Abigail Heyman: A Feminist & Photographer
Being a woman influenced my ideas about what I wanted to photograph. My interest in women’s issues, in family issues, in social relationships came out of my experience of growing up as a female.—Abigail Heyman
While organizing our library of photography books, my partner asked me a simple yet loaded question, “out of your entire collection of books—what percentage are by women photographers?” My mind cycled through the women photographers who have influenced and inspired my own work … I paused before I answered, “not enough.”
Being a photographer is hard enough, and breaking down barriers of a male driven profession and world is even harder. Abigail Heyman was one photographer who did just that. Abby Heyman was a photographer with something to say, one who created work of consequence through brutally honest and personal photographs. She wove her own identity—that of a woman growing up in a culture not always meant for women—into her photographs. Her own Jewish identity, while not usually at the forefront of her work, was a part of her world. Although she veered away from being observant, the rituals and culture of the Jewish world were important to her.
A close friend of Heymans, and an amazing photographer in his own right, Nubar Alexanian spoke at Heyman’s funeral sharing that, “Abby had a reputation for being smart. But she was more than smart. Her intelligence was soundly connected to her intuition and imagination—so much so that when she started pulling on a thread in a discussion, it would inevitably lead somewhere surprising ... often astonishing. I could never tell if she actually knew where she was heading, or whether she improvised as her argument developed.”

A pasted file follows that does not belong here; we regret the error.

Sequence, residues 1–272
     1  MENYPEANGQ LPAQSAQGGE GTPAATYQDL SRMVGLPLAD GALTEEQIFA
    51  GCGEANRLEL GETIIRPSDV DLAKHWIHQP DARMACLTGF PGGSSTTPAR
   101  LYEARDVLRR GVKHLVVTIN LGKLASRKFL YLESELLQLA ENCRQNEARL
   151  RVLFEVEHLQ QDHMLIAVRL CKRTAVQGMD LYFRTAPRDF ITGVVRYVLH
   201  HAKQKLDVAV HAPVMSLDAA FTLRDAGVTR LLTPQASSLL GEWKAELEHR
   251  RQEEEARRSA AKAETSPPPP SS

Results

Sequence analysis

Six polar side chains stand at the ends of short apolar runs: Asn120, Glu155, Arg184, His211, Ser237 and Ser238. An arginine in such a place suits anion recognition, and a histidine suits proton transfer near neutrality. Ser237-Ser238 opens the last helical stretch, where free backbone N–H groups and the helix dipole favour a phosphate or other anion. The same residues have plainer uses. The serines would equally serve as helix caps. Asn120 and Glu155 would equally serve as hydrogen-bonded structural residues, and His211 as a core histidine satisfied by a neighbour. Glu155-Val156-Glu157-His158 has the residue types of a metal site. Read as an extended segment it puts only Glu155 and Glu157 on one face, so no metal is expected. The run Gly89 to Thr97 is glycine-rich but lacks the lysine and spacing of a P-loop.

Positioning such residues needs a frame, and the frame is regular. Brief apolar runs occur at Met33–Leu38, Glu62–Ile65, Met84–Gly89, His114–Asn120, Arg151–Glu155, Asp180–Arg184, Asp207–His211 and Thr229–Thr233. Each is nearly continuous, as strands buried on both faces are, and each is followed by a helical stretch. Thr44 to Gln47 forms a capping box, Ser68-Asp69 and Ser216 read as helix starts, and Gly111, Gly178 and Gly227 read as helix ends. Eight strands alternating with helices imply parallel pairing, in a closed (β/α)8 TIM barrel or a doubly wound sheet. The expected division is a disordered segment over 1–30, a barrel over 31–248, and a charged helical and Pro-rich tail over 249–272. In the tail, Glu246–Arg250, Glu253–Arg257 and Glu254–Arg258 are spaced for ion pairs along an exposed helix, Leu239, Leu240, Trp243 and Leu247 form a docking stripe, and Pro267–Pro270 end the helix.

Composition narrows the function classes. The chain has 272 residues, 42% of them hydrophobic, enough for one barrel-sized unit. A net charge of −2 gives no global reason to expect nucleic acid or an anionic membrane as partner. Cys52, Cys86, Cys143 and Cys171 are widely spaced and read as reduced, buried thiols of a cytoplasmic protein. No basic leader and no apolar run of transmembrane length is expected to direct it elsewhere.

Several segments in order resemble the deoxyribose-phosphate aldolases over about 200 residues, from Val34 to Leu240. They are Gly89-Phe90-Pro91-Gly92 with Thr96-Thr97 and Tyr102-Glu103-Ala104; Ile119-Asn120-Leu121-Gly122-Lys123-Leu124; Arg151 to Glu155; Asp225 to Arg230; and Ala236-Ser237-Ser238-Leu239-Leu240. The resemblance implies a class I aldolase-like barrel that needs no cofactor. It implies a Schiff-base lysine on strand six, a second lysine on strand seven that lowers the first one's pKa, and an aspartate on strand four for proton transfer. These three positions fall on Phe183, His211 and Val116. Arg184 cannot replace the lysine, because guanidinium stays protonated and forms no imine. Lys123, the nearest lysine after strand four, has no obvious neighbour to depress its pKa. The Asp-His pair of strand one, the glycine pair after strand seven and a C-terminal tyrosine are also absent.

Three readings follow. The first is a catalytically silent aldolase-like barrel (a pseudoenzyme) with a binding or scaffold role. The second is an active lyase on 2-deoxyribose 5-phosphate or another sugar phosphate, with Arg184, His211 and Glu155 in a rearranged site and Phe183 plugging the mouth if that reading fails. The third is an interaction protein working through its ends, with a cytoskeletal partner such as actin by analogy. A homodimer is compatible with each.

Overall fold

In her 1974 book “Growing Up Female: A Personal Photo-Journal” Ms. Heyman introduced the work writing, “this book is about women, and their lives as women, from one feminist’s point of view.” Through exquisite detail the book chronicles the suffocating lack of choice in women’s lives. What sets the work apart is the steps that Heyman took beyond impartial photojournalism, placing herself, her passions, and her own beliefs onto the film. Of all of the images in “Growing Up Female” the one that sticks with me, and the photograph most written about, is the photograph of Heyman’s own abortion. Written above the photograph are the words, "nothing ever made me feel more like a sex object than going through an abortion alone." The photograph is so brave, so bold, and so real.
Of all of her work, the book that speaks the loudest to me is her 1987 “Dreams & Schemes: Love in Marriage in Modern Times.” As a wedding photographer myself, I’ve been to my share of weddings—though nowhere near the number that Heyman photographed. Heyman attended over 200 weddings to complete her book, lifting the veil of wedding rituals and getting at the heart of the feelings and culture of weddings. Heyman wasn’t just a photographer, she was also a writer and a storyteller. She had her own way of seeing and creating. “Dreams & Schemes” goes beyond effecting photographs to tell the story of the context of weddings. Nubar Alexanian spoke of “Dreams & Schemes” stating that Heyman’s book “examines the underlying emotions and widespread implications [wedding rituals] often conceal”. He went on to say, “the photographs, the writing, editing, sequencing, pacing, image size, type face, every piece of this book hits the mark. When students ask me about the process of creating a photographic book, I suggest that they study 'Dreams & Schemes'.”
When Heyman passed away at the age of 70 she left the world changed and a better place. In "Growing Up Female" she writes, "I have photographed the problems and the strengths of women. Some have suggested that I photograph the solutions. I don't know the solutions." I'd like to think that Abigail Heyman was part of the solution. She broke down barriers, being the first female invited to join the prestigious and highly competitive Magnum photography group. She created a new way of thinking about photojournalism, of injecting oneself into their work. She inspired.